By Lynne Snierson
The race for the sole destination resort casino license designated for the Boston area won’t be a walkover. Now Suffolk Downs will face formidable competition from Las Vegas casino mogul Steve Wynn.
After touring a 37-acre parcel in Everett, Mass. that is the site of the old Monsanto Chemical plant with a team of officials from the city and his company last month, Wynn reportedly signed a lease for the land. His plans to develop a $1 billion casino project there stand in direct competition with Suffolk Downs’ desire to build a $1 billion gaming facility on the 163-acre racetrack grounds with partner Caesar’s Entertainment.
Wynn’s project would include the casino, a hotel, restaurants, retail stores, and entertainment venues. There has been no mention of a racetrack associated with Wynn’s plans.
“We believe that Wynn will put in an application (with the Massachusetts Gaming Commission),” Everett Mayor Carlo DeMaria Jr. told reporters. “What we do now is negotiate a host (community) agreement.”
A senior management official of Suffolk Downs, which is in the process of negotiating host community agreements with East Boston and communities adjacent to the track, declined to comment on this latest development when reached. But the track has already submitted its formal application with the required $400,000 fee to the gaming commission. The deadline is Jan. 15. No casino developer other than Wynn has stepped forward for the Boston area license at this juncture.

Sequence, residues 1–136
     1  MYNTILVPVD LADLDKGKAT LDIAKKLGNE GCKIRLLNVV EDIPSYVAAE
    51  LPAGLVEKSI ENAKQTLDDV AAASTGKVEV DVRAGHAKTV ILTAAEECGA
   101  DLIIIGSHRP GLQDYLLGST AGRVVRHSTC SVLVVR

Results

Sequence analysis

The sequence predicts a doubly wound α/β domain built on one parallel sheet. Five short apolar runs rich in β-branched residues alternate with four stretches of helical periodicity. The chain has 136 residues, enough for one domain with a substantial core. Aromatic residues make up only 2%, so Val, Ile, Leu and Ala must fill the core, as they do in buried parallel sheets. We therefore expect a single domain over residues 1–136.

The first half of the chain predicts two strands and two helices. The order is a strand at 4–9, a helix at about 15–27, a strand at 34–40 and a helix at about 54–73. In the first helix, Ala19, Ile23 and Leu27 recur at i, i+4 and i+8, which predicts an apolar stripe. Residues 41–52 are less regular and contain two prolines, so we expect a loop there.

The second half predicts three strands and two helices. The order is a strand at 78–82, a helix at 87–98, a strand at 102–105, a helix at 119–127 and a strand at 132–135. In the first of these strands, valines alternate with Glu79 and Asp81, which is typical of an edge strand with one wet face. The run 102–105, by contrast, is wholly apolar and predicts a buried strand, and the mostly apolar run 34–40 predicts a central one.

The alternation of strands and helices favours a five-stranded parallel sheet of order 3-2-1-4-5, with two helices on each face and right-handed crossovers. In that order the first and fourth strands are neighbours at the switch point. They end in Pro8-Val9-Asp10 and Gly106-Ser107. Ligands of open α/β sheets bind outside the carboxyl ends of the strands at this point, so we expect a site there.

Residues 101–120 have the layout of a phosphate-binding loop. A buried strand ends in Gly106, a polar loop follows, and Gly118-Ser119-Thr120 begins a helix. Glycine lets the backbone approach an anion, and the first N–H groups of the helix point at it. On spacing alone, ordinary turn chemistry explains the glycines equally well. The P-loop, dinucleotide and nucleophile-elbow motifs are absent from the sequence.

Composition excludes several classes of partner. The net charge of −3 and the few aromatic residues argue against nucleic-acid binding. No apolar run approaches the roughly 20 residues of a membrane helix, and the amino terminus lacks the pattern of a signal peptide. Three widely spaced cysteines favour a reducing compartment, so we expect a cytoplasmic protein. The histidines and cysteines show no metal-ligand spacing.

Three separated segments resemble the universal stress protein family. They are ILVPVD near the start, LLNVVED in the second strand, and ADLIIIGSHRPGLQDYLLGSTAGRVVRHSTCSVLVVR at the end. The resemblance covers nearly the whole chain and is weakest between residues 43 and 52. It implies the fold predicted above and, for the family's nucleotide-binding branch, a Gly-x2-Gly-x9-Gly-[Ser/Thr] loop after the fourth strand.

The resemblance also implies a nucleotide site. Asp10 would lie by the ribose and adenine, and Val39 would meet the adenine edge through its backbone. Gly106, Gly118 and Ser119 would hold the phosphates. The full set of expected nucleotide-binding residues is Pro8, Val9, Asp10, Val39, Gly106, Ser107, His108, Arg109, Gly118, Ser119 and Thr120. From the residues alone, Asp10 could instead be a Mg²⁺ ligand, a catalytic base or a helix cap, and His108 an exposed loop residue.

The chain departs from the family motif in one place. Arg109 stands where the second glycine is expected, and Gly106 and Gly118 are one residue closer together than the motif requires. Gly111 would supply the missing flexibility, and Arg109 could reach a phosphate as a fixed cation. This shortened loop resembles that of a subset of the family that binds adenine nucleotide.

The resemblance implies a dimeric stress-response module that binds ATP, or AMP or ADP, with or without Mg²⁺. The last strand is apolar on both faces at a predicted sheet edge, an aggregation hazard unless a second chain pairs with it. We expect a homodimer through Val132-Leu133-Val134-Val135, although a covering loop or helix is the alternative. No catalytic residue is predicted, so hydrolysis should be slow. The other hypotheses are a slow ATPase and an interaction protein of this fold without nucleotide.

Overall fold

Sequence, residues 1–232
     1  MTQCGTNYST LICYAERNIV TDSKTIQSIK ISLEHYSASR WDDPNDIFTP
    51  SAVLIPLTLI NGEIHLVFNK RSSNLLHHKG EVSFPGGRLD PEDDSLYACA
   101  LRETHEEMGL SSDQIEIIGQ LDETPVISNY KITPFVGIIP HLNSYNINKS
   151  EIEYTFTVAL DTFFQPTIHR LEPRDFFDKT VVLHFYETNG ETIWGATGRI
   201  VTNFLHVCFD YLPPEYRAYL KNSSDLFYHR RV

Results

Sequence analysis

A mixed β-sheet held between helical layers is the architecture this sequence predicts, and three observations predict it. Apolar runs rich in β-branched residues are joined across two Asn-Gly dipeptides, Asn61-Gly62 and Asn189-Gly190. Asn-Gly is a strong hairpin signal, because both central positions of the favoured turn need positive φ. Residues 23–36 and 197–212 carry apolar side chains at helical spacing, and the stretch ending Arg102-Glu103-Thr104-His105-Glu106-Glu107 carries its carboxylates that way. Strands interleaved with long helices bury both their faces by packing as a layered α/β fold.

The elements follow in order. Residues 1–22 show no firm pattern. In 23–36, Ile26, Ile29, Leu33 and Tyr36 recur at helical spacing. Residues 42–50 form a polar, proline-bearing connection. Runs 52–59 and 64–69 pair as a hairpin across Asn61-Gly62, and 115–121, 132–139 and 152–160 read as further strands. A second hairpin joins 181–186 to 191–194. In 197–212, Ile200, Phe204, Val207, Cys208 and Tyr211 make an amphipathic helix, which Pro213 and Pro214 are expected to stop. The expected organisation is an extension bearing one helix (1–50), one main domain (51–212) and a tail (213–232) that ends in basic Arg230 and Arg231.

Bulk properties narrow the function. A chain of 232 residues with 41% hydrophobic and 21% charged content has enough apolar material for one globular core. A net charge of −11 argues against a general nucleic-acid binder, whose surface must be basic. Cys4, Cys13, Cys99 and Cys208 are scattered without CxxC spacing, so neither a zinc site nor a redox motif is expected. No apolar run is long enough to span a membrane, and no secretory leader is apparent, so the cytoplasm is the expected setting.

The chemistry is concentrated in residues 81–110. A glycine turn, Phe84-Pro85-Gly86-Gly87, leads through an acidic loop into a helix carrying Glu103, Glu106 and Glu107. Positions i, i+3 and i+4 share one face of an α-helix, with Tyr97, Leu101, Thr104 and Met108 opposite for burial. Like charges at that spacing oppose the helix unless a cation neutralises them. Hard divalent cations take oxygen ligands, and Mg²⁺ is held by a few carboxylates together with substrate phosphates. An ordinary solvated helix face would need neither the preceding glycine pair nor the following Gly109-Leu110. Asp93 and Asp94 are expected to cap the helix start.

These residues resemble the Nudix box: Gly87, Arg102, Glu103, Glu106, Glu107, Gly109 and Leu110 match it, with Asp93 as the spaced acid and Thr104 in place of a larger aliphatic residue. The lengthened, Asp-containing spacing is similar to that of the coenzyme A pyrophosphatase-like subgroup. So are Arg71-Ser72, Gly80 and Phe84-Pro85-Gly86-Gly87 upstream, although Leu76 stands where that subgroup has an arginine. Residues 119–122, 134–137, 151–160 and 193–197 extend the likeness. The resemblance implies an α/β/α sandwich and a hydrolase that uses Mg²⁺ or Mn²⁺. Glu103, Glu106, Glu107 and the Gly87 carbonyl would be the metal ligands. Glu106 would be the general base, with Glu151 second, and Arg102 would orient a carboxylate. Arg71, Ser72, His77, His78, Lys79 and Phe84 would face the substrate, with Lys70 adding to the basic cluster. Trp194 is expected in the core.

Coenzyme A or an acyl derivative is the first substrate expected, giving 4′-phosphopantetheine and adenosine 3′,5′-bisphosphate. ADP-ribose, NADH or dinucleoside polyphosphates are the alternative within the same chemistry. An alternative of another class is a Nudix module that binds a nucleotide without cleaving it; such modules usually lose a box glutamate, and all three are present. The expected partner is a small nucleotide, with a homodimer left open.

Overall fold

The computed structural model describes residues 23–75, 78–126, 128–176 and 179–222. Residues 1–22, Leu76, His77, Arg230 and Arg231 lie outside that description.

Everett city officials said last month that Hard Rock International had expressed interest in the same parcel of land Wynn is leasing. Nonetheless, officials of the Big E Agricultural Fair in West Springfield, Mass. released a statement Dec. 13 saying that Hard Rock has opened talks about developing a casino on their 175-acre property.
West Springfield falls into the area designated for Western Massachusetts. Industry titans MGM, Penn National Gaming, and Mohegan Sun are currently competing for that region’s only license.
In a related development, the Massachusetts Gaming Commission ruled that developers will now be allowed to open the casino projects in stages. Earlier this year, Suffolk Downs officials received flak from Boston Mayor Tom Menino for planning to open a slots facility at the track before construction of the rest of the $1 billion dollar project was completed.